Beginning today, the feast of the Virgin of Paucartambo begins and people trek hours over the mountains to this valley near the jungle to dance and watch troupes of sacred figures course through the city. They also come to feast, to eat till filled with the festive offerings of the sponsors of the feasts and to enjoy the street foods and restaurants that appear for these days.
Cuzco’s calendar of feasts not only stresses events that take place in the city, it also involves some regional feasts, when dance troupes who have practiced all year travel out of devotion and social obligation to make their costumes come alive. The figures of history and cosmology come alive as they claim the spaces of these regional centers.
In June, the entire city was abuzz over Qoyllur Rit’i and he pilgrimage to the Lord there and to the Snowy Star. In September, they will go to Huanca to celebrate the Christ that is on a stone outcropping there and tied to colonial mining. This week, they go to Paucartambo to bring highlands and lowlands together with the struggle between the contradictory, vital forces of life.
This brilliant joining of Andean genius with Catholicism and performances with partying celebrates the Virgen of Mount Carmel (la Virgen del Carmen) and the community that performs devotions to her. This community that “feeds” here with its sacrifices and actions is brought to ground in Paucartambo but involves people mostly in Cuzco, across Peru, and even internationally. It is as if from here relationships radiated outward like a star, or a khipu (a knotted cord) to organize a universe.
While Catholicism emphasizes the formal saint’s story of the Virgin Mary in relationship with the Carmelite Order, including a prayer in which devotees pray “Oh Star of the Sea, help me and show me you are my Mother. Oh Holy Mary, Mother of God, Queen of Heaven and earth, I humbly beseech you from the bottom of my heart to succor me.”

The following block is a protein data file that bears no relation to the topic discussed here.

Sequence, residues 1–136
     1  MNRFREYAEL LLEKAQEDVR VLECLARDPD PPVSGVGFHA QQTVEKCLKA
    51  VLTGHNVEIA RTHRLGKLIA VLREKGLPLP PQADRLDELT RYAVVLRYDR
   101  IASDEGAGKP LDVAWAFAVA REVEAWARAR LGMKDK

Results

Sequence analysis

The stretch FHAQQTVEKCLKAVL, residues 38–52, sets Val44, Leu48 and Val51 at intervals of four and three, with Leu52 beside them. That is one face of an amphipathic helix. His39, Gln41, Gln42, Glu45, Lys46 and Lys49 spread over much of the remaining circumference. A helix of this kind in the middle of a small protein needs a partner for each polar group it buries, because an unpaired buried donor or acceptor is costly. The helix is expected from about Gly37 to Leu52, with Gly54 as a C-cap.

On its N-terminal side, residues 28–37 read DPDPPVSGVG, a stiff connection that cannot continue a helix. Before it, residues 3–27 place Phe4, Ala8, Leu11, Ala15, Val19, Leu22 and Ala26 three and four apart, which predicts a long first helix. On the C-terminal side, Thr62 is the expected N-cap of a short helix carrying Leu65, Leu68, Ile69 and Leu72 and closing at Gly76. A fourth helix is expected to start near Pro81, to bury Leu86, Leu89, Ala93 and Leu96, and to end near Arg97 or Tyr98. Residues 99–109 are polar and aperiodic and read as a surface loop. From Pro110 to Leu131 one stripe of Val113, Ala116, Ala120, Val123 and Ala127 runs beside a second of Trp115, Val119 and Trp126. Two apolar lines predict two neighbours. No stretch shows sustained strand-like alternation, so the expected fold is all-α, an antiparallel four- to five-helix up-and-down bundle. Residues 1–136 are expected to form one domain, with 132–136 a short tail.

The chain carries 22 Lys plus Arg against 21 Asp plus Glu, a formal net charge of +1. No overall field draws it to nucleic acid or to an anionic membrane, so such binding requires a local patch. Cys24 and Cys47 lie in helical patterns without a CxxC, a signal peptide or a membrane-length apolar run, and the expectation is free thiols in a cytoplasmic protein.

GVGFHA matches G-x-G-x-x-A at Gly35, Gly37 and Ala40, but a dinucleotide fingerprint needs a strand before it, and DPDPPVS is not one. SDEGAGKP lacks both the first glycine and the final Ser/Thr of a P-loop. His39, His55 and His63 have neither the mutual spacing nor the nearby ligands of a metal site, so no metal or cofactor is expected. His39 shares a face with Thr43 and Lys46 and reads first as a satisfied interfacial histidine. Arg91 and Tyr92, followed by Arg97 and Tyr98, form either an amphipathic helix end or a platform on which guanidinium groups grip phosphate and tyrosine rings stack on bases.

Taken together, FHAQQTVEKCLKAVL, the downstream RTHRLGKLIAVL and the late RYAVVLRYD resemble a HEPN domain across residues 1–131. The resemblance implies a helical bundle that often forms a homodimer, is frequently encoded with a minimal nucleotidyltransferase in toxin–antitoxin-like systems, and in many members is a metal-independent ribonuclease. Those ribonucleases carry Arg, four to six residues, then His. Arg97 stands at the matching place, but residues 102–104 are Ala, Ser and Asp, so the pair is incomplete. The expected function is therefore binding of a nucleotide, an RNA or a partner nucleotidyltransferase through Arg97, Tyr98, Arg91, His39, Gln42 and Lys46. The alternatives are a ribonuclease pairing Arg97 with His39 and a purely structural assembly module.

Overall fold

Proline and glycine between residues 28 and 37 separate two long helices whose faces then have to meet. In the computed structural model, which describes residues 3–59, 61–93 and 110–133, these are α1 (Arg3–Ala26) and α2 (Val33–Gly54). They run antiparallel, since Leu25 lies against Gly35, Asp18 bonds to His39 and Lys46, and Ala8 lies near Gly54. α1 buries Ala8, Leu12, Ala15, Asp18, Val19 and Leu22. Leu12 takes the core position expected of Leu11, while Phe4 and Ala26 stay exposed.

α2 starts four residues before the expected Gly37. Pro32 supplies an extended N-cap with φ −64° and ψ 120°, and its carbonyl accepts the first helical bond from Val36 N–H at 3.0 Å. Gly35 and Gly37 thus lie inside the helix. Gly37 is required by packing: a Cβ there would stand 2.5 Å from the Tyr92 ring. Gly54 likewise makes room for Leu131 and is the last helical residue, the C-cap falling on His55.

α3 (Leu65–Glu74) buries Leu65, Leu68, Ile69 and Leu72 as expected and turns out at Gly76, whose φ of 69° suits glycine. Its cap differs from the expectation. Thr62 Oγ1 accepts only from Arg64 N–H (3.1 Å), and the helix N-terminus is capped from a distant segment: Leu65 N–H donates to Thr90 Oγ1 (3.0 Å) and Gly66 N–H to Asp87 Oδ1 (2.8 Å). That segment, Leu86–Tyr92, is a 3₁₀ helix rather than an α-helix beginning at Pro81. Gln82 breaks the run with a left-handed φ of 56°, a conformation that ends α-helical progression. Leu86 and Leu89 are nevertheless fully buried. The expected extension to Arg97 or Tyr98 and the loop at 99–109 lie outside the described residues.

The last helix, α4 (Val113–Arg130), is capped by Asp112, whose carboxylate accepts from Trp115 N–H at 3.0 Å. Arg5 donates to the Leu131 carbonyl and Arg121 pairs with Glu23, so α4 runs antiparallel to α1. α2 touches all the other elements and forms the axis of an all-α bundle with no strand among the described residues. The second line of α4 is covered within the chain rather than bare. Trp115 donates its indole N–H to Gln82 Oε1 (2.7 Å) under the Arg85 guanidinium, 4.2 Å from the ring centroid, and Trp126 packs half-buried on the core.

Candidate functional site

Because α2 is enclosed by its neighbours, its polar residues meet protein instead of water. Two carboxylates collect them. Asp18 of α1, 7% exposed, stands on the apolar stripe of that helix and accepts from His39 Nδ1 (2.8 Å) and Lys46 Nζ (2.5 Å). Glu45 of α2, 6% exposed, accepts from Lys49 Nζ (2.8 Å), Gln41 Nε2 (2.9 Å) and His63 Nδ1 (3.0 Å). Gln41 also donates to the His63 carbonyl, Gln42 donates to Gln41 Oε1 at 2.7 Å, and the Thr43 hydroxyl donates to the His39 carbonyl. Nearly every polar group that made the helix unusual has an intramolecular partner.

In Paucartambo, though a feast of townsmen and people of mixed European / Indigenous heritage, the Virgin is honored as someone who was composed of parts: her body wounded by jungle dwellers (Ch’unchus) and thrown in the river whose name honors her (the Mother of God River–Rio Madre de Dios) and whose head was found in the highlands by herders and merchants, Qollas, who brought it to Paucartambo.
The Virgin is, therefore, the union of highland plains and lowland waters, of herders and jungle people. Her feast also brings them together in a retelling of history as Qhapaq Qollas and Ch’unchus dance through the town as images of long lasting types that come alive in feasts.
The Virgin is also associated with Purgatory and in this feast the devils come to tempt and provoke. Yet these devils are called Saqra, an Andean word that refers to fertility and water, as well as the world within. These devils, bedecked with horns and jewels climb the roofs and balconies of Paucartambo to try to draw the Virgin and her followers away as she sedately and with dignity processes through the town.
But this drama of the sky and world within (heaven and hell) as a play of sacred history and fertility is not all. Paucartambo is also a story of the dangerous traders, on one side, who bring gifts, and the jungle people who threaten in holy battle, highland and lowland in conflict and contrast.
More than anything else, Paucartambo is about devotion. The dancers seduce with power, the tricksters and clowns provoke and order, and food and drink flow. Paucartambo is passion, Christian, Andean, nation, and life.
It is one of the great events in Cuzco and a must see and do at some point or points in everyone’s life.
This blog from Peru’s Catholic University has the best overview of Paucartambo’s feast I have seen online. Though in Spanish, this is worth running through Google Translator if you wish for a detailed overview of the feast and the different Dance groups.